No longer in the NFL, former star linebacker Brian Urlacher revealed part of the Chicago Bears' gameplan in recent years: faking injuries.
Urlacher talked about his former team's defensive strategy as an analyst on Fox Sports 1, claiming that Chicago "had a guy who was the designated dive guy," via the Chicago Sun-Times. He explained that a Bears coach would signal for a player to "get hurt" from the sideline.
The NFL has attempted to eliminate faking injuries over the past few seasons. After two New York Giants defenders simultaneously fell to the ground with phantom injuries in a game against the Rams in 2011, the league sent a memo to all 32 teams and threatened to fine and suspend players if they fake an injury.
"It's always been in the game," safety Ed Reed said in September 2011, via the Associated Press. "It's all tactical stuff you need to use. Whatever it takes. ... If you're tired, you're tired. You get a break however you can."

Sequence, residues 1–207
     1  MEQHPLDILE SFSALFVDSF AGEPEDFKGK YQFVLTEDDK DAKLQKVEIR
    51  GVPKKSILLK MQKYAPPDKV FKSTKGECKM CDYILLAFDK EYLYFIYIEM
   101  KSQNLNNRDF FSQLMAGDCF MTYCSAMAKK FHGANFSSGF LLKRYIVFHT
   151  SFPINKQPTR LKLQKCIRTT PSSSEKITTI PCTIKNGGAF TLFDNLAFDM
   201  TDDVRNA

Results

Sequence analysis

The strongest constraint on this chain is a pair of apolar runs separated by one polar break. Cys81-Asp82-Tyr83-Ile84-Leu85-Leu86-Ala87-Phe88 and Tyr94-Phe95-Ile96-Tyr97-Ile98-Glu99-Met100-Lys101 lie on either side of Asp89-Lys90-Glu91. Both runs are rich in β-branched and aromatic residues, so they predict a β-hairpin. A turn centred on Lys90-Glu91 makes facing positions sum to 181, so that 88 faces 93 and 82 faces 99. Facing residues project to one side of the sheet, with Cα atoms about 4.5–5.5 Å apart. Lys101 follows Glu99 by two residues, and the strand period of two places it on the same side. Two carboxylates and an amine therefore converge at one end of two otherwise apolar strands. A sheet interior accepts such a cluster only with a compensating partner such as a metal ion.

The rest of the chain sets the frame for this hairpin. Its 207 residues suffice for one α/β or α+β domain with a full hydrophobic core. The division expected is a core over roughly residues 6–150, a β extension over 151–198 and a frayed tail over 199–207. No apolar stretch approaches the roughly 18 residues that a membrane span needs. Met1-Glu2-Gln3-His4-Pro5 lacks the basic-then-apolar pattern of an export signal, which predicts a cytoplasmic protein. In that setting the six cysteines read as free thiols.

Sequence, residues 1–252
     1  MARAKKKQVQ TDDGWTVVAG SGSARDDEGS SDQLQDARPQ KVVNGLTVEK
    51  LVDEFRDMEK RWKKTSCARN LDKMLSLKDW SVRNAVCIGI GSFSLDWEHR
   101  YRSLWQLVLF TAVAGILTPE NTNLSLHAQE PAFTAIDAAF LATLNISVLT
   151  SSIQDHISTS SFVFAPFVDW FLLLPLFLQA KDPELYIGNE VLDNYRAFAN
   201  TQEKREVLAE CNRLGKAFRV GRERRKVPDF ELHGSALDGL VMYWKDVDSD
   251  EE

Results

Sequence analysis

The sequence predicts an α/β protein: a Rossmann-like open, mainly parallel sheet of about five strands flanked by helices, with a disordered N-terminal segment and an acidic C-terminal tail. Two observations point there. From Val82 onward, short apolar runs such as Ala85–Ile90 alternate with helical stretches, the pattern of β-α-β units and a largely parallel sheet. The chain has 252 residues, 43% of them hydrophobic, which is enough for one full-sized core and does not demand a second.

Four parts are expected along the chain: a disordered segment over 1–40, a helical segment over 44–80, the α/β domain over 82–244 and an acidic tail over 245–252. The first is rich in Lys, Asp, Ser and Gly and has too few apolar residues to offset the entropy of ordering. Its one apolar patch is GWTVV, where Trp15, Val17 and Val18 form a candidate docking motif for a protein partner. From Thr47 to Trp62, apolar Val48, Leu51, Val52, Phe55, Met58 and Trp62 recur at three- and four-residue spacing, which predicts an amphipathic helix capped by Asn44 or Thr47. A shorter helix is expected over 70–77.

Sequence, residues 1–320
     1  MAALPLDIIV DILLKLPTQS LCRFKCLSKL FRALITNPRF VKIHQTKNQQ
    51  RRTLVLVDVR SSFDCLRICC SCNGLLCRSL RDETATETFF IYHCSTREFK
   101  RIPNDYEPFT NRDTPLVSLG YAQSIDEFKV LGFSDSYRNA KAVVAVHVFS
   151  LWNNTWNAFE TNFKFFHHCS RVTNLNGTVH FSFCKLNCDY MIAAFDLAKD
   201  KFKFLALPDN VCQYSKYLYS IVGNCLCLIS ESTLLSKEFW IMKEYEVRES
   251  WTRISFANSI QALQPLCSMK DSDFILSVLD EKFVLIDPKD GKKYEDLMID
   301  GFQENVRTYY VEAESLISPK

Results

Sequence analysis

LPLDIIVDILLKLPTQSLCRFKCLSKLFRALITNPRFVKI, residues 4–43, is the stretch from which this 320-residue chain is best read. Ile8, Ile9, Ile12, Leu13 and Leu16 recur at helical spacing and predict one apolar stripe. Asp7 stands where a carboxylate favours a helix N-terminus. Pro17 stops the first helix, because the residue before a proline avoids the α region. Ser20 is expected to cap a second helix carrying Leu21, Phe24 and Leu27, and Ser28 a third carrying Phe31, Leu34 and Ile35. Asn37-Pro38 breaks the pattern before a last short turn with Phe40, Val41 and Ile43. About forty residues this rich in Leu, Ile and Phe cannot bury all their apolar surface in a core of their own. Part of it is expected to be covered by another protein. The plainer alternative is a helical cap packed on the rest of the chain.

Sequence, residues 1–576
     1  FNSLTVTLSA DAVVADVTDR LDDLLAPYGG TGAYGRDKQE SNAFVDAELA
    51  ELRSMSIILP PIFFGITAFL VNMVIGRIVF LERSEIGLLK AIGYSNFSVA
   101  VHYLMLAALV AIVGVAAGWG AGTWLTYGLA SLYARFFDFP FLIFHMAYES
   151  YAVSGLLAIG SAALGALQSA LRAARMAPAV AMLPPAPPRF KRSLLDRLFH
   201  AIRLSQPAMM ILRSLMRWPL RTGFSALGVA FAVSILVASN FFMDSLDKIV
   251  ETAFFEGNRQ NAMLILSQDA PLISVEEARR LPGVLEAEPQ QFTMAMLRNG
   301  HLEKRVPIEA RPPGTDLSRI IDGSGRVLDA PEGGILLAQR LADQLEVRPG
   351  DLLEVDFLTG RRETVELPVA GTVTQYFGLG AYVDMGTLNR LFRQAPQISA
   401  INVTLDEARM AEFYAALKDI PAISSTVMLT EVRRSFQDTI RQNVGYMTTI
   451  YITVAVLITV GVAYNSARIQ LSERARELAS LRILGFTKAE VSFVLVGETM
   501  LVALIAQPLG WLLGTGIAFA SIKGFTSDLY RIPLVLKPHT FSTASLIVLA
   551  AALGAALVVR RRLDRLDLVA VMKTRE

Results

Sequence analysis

In 2012, Pittsburgh Steelers receiver Emmanuel Sanders successfully faked an injury against the Cincinnati Bengals and was mocked by NBC's Al Michaels and Chris Collinsworth on "Sunday Night Football." Sanders was fined $15,000 and the Steelers were docked $35,000.
Just weeks before Sanders "went down," the NFL sent another memo to every team warning them about faking injuries in order to avoid using a timeout. But NFL vice president of football operations Ray Anderson said the league was hesitant to propose a rule due to possibly encouraging injured players to stay on the field.
Will the NFL have to sent another memo this season?
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